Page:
In practice, the conduct of (business) becomes extremely difficult because of the countless factors that impinge upon it. These factors collectively have been called friction, which Clausewitz described as ‘the force that makes the apparently easy so difficult’. Friction is the force that resists all action and saps energy. It makes the simple difficult and the difficult seemingly impossible.(1)
The Benefit of Quick, Effective Decisions
Boyd’s Decision Theory suggests that quick, effective decision making reduces friction and, when further enabled by simplified processes, greater transparency and reliable support structures employing capabilities that adapt quickly to dynamic conditions, creates true competitive advantage. Attributes of organizations possessing these traits include decentralization, flexible operations, activity based management, and Beyond Budgeting principles. They may not reference these characteristics by the formal name, but look closely and these exhibit in some fashion across the enterprise.
By compressing the decision cycle, an organization delegates authority down closer to the field level to ensure that the managers or personnel closest to the situational realities are empowered to act in furtherance of the organization’s objectives. Not coincidentally, this improves execution, innovation and CRM, contributing directly to addressing the short-term business needs of the organization while aligning initiatives to the long-term strategic plan.
Most organizations fail to fully comprehend that “they don’t know what they know”. The latent talent and deep competencies of individuals within the organization are almost always sufficient to embrace agile principles to better decisions faster. What businesses seeking agility MUST do is convey core values and objectives across the enterprise to all employees. Education, Training, and Job Satisfaction (reduced turnover) are core benefits to the agile organization.
Leaders must prepare their organizations to understand the core steps and processes of the OODA Loop.
Each of these steps is a process by itself with direct correlation to many of the process improvement or decision cycle concepts such as Lean, Six Sigma and Solutions Selling. Process Improvement suggests simplification, transparency and standardization of repetitive behaviors. Interestingly, where Lean and Six Sigma proponents argue the value of DFSS and DMAIC methodology, one can easily overlay the OODA Loop and find significant similarities. The same holds true for the Solutions Sales and Customer Buying Processes. The inherent truth with all these within all these methodologies is that quick, effective decisions create competitive advantage, accomplished through simplicity and transparency in creating enduring transformation.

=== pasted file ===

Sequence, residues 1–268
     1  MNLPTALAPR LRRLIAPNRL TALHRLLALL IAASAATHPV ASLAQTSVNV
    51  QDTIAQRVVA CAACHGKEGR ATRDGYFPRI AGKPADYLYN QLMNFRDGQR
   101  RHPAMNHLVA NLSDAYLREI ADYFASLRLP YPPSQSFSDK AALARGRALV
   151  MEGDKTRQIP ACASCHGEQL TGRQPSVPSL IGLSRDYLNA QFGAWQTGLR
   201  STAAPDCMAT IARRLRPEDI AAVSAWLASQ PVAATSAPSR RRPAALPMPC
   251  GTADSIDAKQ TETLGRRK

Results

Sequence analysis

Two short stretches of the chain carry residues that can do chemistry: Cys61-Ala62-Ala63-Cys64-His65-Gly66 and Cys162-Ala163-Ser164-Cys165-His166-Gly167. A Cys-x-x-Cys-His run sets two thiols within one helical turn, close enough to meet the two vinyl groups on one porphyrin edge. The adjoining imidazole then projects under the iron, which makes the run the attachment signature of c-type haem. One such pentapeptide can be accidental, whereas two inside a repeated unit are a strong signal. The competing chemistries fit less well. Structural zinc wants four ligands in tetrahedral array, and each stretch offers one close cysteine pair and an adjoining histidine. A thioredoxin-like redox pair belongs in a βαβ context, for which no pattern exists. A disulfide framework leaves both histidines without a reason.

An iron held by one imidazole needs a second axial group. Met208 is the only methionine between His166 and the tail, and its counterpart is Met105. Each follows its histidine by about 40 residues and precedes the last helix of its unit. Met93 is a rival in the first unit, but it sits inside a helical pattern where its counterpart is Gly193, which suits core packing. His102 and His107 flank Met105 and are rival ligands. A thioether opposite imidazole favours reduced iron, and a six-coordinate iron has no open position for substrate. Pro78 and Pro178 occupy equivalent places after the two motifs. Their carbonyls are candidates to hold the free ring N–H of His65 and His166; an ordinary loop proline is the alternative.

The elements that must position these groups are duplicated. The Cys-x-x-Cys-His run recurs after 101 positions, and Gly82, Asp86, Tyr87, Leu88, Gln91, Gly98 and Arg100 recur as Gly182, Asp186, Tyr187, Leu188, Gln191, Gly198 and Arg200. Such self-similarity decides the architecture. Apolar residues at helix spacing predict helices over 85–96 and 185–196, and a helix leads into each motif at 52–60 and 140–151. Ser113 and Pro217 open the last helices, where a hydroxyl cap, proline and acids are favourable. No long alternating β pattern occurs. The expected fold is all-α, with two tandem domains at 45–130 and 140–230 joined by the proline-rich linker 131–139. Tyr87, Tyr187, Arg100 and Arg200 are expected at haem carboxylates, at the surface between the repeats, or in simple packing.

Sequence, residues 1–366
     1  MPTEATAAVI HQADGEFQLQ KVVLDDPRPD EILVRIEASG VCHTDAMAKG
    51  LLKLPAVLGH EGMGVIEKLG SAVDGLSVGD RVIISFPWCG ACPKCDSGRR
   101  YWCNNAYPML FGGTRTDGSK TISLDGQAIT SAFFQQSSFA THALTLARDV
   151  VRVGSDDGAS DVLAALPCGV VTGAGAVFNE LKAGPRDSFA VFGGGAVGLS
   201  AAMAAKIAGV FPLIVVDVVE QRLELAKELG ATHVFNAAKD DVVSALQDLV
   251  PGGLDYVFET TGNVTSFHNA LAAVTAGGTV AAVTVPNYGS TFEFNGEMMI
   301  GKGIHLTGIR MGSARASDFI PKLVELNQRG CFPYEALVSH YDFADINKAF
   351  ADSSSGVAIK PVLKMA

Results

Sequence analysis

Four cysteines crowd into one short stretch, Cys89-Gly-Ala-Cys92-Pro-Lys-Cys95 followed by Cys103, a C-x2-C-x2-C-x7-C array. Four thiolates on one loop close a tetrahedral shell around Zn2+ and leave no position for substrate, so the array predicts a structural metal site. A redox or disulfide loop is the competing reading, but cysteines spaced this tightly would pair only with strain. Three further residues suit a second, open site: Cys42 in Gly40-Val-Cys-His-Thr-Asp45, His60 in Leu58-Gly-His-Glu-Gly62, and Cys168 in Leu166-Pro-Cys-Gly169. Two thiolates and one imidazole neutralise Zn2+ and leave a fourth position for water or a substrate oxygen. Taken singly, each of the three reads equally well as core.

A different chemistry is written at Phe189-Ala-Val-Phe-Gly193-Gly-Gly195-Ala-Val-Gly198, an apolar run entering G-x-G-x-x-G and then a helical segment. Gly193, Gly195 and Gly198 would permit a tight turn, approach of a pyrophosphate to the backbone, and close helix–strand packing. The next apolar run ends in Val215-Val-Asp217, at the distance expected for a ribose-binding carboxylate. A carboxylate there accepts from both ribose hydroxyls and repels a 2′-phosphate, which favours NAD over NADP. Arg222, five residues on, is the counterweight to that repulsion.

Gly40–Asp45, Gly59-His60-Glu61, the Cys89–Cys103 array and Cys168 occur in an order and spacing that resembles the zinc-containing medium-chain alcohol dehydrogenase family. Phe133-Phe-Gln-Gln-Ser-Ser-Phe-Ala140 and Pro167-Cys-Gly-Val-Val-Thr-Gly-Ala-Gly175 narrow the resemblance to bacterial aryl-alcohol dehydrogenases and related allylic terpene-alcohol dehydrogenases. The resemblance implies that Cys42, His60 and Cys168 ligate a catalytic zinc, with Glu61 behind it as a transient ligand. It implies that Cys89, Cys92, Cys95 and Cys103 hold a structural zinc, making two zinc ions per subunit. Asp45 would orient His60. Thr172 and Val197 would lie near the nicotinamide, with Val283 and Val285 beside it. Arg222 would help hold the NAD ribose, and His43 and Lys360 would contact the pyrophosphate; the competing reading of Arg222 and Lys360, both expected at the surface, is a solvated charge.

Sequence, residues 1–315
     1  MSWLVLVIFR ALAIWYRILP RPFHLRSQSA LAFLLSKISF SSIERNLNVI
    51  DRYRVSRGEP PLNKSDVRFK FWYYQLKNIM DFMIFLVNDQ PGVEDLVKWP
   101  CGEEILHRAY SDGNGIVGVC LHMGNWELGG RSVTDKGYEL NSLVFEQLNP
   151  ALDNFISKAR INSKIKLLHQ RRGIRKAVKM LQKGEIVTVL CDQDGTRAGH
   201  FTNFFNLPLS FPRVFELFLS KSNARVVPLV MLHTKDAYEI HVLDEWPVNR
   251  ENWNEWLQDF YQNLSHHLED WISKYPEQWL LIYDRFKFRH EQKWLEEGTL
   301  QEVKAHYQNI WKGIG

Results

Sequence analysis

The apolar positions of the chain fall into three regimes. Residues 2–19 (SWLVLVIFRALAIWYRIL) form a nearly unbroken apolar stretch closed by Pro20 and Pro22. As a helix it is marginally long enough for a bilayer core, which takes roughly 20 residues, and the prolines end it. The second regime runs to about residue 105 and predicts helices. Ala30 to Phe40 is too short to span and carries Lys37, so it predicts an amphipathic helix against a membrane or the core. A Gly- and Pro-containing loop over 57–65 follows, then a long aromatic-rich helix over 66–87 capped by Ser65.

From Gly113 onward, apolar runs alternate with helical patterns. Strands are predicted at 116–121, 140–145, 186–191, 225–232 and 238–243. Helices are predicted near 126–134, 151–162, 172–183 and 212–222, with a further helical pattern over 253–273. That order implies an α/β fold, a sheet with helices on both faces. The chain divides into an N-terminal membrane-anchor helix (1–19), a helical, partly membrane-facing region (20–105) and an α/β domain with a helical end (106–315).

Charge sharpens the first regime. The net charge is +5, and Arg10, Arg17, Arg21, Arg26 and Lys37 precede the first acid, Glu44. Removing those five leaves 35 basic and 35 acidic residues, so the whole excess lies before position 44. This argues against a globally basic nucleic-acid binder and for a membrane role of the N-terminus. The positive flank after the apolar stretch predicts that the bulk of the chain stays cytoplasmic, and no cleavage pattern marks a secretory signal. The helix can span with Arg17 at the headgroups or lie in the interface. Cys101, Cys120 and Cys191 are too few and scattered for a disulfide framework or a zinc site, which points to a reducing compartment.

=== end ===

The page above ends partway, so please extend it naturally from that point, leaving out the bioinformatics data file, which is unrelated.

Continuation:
No Guarantees Written or Implied
Clausewitz, in his famous treatise on war, argued operations, tactics and strategy as each vulnerable to quick, aggressive counteraction. His famous analogy of friction as the “fog of war” underscores that competitive advantage is created by the organization that minimizes it for itself, yet propogates it for competitors.
Agile organizations executing the Decision Cycle more efficiently than its competitors are not assured of success. Assumptions often form from limited, fragmented information influenced by cultural norms and subjective experience; observations prone to misperception; orientation misguided by bad judgment which invariably leads to decision lacking integrity. Executing the OODA Loop continously though permits opportunity for mis-steps to be recognized and corrected before recognized by a competitor.
The OODA Loop provides a framework to position organizations for sustaining competitive advantage. Leaders must understand the implications of quick, decisions yielding effective action in driving growth and mitigating risk. The OODA Loop, with similarities to other practical concepts, provides a practical design permitting organizations to exploit opportunities, improve flexibility and yield differentiation.
Superior profits. Cost Containment. Innovation. High Integrity Execution. Customer Satisfaction.
How nimble is your organization?
Marine Corps Doctrinal Publication – 1 (MCDP-1), 1997
The Strategy of the Fighter Pilot, Keith H. Hammonds, Fast Company, December 2007
Teams are the Building Blocks of Agile Organizations, Mike Cottmeyer, http://www.leadingagile.com
Getting Inside Your Competitor’s Decision Cycle, BCG, December 2003